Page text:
First and foremost the Mid Canterbury Rural Support Trust is about local people helping rural individuals and communities to cope during difficult times.

The Trust members are skilled in assisting rural people through adverse events such as snowstorms, flooding, drought, and also financial, animal welfare, and personal crises. The Trust is well connected with rural networks, Civil Defence, local and central government agencies, making it well placed to get things done that might be difficult for individuals.

More specifically the Trust can:

Help during and after an adverse weather or environmental event

The Trust is directly linked into local Civil Defence and can provide you with information and assist you in getting emergency or on going help. This may include rescue and movement of stock, financial support, labour or other needs during and after an adverse event.

Facilitate and advocate

The Trust can help by facilitating assistance from financial organisations, government agencies, and farm management consultancies.

Provide support during personal, and/or financial difficulties

The Trust coordinators are trained to help find ways to manage these types of rural challenges. Often all that's needed is someone to talk to and listen to your problems. They may assist with referrals to appropriate professional help for stress management, mentoring, financial and farm management counselling.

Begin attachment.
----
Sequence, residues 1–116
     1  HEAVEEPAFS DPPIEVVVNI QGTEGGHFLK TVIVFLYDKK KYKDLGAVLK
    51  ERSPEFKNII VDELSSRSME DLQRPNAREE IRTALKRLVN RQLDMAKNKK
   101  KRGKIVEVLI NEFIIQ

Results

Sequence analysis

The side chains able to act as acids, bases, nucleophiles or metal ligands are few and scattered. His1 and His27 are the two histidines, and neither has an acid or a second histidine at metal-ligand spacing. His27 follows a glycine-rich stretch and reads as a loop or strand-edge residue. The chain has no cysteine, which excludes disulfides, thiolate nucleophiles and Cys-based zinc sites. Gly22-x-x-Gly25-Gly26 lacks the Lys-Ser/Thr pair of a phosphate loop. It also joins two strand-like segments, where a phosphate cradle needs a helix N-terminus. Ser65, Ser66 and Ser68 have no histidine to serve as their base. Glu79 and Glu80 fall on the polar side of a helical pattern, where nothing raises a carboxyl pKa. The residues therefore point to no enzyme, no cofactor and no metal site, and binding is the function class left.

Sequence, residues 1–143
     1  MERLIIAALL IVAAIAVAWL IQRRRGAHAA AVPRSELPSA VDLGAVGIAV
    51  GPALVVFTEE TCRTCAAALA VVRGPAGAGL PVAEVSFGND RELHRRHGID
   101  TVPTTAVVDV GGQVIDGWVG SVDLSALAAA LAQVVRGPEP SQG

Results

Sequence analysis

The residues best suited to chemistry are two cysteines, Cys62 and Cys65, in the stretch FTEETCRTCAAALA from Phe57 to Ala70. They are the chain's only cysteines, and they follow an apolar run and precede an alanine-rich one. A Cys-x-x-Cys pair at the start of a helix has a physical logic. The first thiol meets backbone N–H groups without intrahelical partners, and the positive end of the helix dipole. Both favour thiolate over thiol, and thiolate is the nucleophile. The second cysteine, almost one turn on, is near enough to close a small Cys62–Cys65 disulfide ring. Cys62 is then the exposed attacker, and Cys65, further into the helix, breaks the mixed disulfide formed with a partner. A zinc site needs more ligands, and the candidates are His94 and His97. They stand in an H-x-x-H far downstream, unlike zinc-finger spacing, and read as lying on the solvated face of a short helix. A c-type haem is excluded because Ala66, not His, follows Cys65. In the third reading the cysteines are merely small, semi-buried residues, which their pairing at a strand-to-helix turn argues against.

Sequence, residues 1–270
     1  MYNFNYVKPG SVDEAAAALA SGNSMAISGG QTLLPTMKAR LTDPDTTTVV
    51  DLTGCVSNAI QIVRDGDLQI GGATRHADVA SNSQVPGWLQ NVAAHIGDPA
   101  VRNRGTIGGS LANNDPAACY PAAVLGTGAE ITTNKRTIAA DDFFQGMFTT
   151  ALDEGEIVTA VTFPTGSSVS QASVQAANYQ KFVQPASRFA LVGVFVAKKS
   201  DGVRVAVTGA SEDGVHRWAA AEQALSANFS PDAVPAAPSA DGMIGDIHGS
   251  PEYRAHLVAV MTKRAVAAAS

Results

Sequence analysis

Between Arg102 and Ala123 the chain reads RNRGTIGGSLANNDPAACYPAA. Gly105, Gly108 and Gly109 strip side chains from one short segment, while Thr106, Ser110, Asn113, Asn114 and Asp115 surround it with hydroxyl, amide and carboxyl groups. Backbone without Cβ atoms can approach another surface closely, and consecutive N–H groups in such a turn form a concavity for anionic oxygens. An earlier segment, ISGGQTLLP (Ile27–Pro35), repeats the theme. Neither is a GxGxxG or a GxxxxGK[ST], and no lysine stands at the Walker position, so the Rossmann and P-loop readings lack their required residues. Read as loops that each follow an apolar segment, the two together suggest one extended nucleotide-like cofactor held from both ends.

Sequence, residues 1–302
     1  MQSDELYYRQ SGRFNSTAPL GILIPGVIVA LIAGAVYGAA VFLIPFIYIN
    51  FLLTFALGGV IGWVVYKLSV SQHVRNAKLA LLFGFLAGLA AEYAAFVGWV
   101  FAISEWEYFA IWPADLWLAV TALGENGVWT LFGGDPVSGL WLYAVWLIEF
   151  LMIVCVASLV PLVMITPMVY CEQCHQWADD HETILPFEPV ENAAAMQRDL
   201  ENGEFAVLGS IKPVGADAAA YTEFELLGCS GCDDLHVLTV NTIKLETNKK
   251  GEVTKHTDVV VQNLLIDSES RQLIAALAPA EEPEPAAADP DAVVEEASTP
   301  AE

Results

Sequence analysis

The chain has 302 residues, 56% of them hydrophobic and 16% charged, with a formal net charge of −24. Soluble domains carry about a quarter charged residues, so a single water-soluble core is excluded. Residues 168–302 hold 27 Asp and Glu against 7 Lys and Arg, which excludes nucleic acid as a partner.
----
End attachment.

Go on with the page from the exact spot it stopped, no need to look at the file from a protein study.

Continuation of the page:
News & Alerts

Preparing for Gita

Monday, February 19, 2018

Author: Terri Anderson

Forecasting weather is a tricky one. Luckily we have Chris Brandelino from NIWA updating New Zealand on what to expect as of this morning:

https://www.stuff.co.nz/national/101550169/preparing-for-cyclone-gita 

So now's the time to prepare:

 

Before a flood or storm

* Find out from your local council, neighbours, etc, if your property is at risk from flooding and plan accordingly

* Check your insurance cover details

* Fill vehicles’ tanks

* Have a smartphone you can charge in the car

* Store bailage/hay in areas not prone to flooding

* Ensure trees posing a hazard are trimmed (over houses, sheds, boundary fences)

* Store anything that is likely to be blown around, or tie down bigger items like trampolines

* Have a plan and trigger points to make decisions without waiting for official advice.

* Move animals, equipment and feed to higher ground.

* If you have a generator, make sure it’s accessible and ready to go.

*Clear drains and gutters

*Clear debris from waterways

* Have a household emergency kit including food, water, clothing, first aid, torch, cash, and a battery-powered radio

 

During a flood or storm

* The safety of you, your family, and your workers comes first.

* Listen to your local radio stations for official updates.

* Ensure stock have safety, shelter and water, and can't wander. Are electric fences working?

* Unplug small appliances to avoid damage from power surges. Turn off utilities if told to do so by authorities to help prevent damage.